you cant, but then again, how can you prove anything that old right? i mean, they still haven't figured out if king arthur (or arturus, as some suggest) was real or false, and look at all the people who believe that george washington chopped down the cherry tree.



posted on Sep, 5 2010 @ 11:08 PM
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Originally posted by dave_welch
reply to post by Romantic_Rebel
 


you cant, but then again, how can you prove anything that old right? i mean, they still haven't figured out if king arthur (or arturus, as some suggest) was real or false, and look at all the people who believe that george washington chopped down the cherry tree.


Well then that is what I call legend. Then again I thought carries grew on bushes?
Second line



posted on Sep, 5 2010 @ 11:15 PM
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reply to post by Romantic_Rebel
 


haha your right with the legend thing but yes, cherry's grow on trees, anyway, that was probably a joke, i was just curious if anyone knew anything about it, and frankly, it pisses me off that there are all the hoaxers... someday, something will turn out to be real, and there will be proof with high def pictures, videos and a traveling show where you can see it in person!



posted on Sep, 5 2010 @ 11:17 PM
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Originally posted by dave_welch
reply to post by Romantic_Rebel
 


haha your right with the legend thing but yes, cherry's grow on trees, anyway, that was probably a joke, i was just curious if anyone knew anything about it, and frankly, it pisses me off that there are all the hoaxers... someday, something will turn out to be real, and there will be proof with high def pictures, videos and a traveling show where you can see it in person!


The best chance we got is time travel. Everyone can interpret Jesus different now. But maybe we're all wrong about what he stood for. I would rather get his word then someone else.



posted on Sep, 5 2010 @ 11:18 PM
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Is this the whole "tomb of Jesus" find? I believe that it very well could be, though for political reasons, it is being called a hoax. Think about it for a minute... If they really found Jesus' tomb, that means that the whole story given in the Christian bible would prove to be a farse, as far as the events directly after his death. Of course certain Christian powers would want this to "go away", therefore they would try and debunk it as a hoax.

With that being said, it very well could be a hoax, though you shouldn't just believe whatever the media tells us as there is motive to cover it up or cover it over as a hoax.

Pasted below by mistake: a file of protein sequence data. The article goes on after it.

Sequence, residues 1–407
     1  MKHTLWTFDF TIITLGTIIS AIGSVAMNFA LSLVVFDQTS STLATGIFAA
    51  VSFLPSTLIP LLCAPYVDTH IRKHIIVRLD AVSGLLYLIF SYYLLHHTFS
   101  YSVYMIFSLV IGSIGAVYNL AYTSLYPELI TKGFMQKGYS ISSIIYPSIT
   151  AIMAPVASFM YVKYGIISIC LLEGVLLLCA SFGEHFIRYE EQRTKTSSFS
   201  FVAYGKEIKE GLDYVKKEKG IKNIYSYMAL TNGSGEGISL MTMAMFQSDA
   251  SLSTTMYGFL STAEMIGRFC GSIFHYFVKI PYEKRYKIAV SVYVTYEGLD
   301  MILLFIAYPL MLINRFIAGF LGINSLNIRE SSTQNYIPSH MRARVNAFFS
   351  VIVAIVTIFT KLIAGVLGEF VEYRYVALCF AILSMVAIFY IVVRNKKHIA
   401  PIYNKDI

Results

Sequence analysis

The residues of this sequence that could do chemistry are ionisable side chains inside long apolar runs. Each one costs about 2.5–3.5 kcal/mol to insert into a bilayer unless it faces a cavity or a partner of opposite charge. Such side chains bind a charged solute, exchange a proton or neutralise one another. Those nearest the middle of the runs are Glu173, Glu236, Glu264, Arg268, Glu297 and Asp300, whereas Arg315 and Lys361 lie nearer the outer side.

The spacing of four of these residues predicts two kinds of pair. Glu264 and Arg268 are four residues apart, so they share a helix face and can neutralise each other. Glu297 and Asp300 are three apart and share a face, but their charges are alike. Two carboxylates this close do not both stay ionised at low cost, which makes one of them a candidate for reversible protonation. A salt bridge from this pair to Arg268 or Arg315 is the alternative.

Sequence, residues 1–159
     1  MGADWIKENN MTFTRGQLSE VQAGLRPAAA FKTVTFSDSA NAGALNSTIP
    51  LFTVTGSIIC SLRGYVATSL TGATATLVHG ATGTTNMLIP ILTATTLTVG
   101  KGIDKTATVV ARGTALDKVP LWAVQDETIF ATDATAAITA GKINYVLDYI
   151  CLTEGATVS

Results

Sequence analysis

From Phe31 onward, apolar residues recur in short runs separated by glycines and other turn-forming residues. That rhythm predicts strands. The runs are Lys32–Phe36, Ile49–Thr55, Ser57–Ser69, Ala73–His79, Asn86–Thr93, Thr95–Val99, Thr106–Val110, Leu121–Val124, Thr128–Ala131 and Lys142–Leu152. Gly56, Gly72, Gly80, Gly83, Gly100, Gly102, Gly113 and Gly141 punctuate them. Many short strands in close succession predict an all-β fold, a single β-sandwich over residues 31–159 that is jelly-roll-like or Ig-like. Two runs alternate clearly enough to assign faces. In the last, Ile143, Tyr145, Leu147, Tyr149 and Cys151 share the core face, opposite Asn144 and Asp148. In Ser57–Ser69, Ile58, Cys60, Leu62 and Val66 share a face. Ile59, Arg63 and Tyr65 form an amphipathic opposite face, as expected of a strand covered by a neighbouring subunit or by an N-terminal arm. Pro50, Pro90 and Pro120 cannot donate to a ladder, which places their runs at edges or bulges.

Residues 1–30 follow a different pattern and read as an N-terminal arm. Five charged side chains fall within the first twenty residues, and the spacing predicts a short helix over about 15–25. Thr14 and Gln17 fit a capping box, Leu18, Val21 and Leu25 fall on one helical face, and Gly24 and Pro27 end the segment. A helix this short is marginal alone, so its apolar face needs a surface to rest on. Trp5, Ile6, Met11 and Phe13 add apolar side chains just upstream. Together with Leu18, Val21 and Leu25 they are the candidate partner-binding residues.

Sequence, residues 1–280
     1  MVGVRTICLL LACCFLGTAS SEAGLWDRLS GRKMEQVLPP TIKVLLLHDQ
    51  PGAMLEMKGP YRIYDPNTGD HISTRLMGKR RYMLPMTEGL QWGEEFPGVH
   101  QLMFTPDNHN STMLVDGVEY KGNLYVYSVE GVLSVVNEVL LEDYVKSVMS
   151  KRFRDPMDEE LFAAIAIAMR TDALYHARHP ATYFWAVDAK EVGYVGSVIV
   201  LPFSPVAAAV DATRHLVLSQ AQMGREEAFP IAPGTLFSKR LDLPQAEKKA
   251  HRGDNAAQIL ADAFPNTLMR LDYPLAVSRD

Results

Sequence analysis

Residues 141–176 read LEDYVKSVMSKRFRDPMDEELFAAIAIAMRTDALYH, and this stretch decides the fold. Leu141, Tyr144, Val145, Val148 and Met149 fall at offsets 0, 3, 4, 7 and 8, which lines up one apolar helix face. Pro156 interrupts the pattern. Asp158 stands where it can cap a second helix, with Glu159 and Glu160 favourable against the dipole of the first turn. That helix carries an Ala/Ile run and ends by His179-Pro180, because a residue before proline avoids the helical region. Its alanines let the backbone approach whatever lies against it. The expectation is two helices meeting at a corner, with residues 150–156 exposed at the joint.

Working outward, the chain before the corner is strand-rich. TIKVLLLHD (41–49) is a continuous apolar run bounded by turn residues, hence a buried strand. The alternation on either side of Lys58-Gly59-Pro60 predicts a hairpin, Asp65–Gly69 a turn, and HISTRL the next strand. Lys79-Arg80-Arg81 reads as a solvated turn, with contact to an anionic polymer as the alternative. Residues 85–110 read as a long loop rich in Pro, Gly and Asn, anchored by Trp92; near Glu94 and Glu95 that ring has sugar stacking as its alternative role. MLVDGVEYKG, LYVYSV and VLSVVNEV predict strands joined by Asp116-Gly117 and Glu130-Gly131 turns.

--airspoon



posted on Sep, 5 2010 @ 11:22 PM
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reply to post by airspoon
 


wait, finding the tomb of jesus wouldn't disprove the biblical story, as long as it's an empty tomb then it would aid in proving the story, however, since the tomb was donated by one of jesus' more wealthy followers, it probably wouldn't have his name in it, especially since he was only there for 3 days anyway.



posted on Sep, 5 2010 @ 11:26 PM
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reply to post by dave_welch
 


The problem was, it wasn't empty. Furthermore, it had almost his entire family to include two Marys. One his mother and one his wife (presumably). Of course, I'm talking strictly from memory here so a deatil or two might be off, though I do remember two Marys.

--airspoon



posted on Sep, 5 2010 @ 11:29 PM
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that's pretty interesting airspoon, lets see if anyone can find a link with info on that, i'd really like to read that because that would be pretty cool, however, mary, joseph, and james were all common names, not sure if jeshua (jesus) was though. either way, i'd like to see more about this



posted on Sep, 5 2010 @ 11:32 PM
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reply to post by dave_welch
 


That was the whole thing, that these were very common names. That was the media's excuse to discount the find at least. However, what are the odds that a tomb would have all of those names and only those names, dated back to the same time frame as Jesus. Regardless of whether each of those names were common, odds are that there wouldn't be two families in the same area, at the same time, with the same names for each of their family members. Of course the media didn't want to touch on those odds.

Edited to add: Check out Discovery's coverage of the discovery: www.discovery.com...

Also (Just keep in mind that there is motive to cover this find up, regardless of the outcome):






--airspoon



[edit on 5-9-2010 by airspoon]



posted on Sep, 5 2010 @ 11:42 PM
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oh your definately right there, but that doesn't make it impossible, say you live in new york city, your name is john ferrell, and your have a wife named lysa ann and a son named david. there is a decent chance that there is another family in the same city and they all have the same name, and since they didn't use last names back then, that makes the chances even better, so now you just have john, lysa, and david. see how it's getting more likely, now obviously it was a much less populated place than NYC but still, do you see the possibility, this is still pretty interesting, and although it may show that he didn't rise from the dead, it does show that he existed right? that's the thing with a 2000 year old story, the facts are gonna get a little screwy.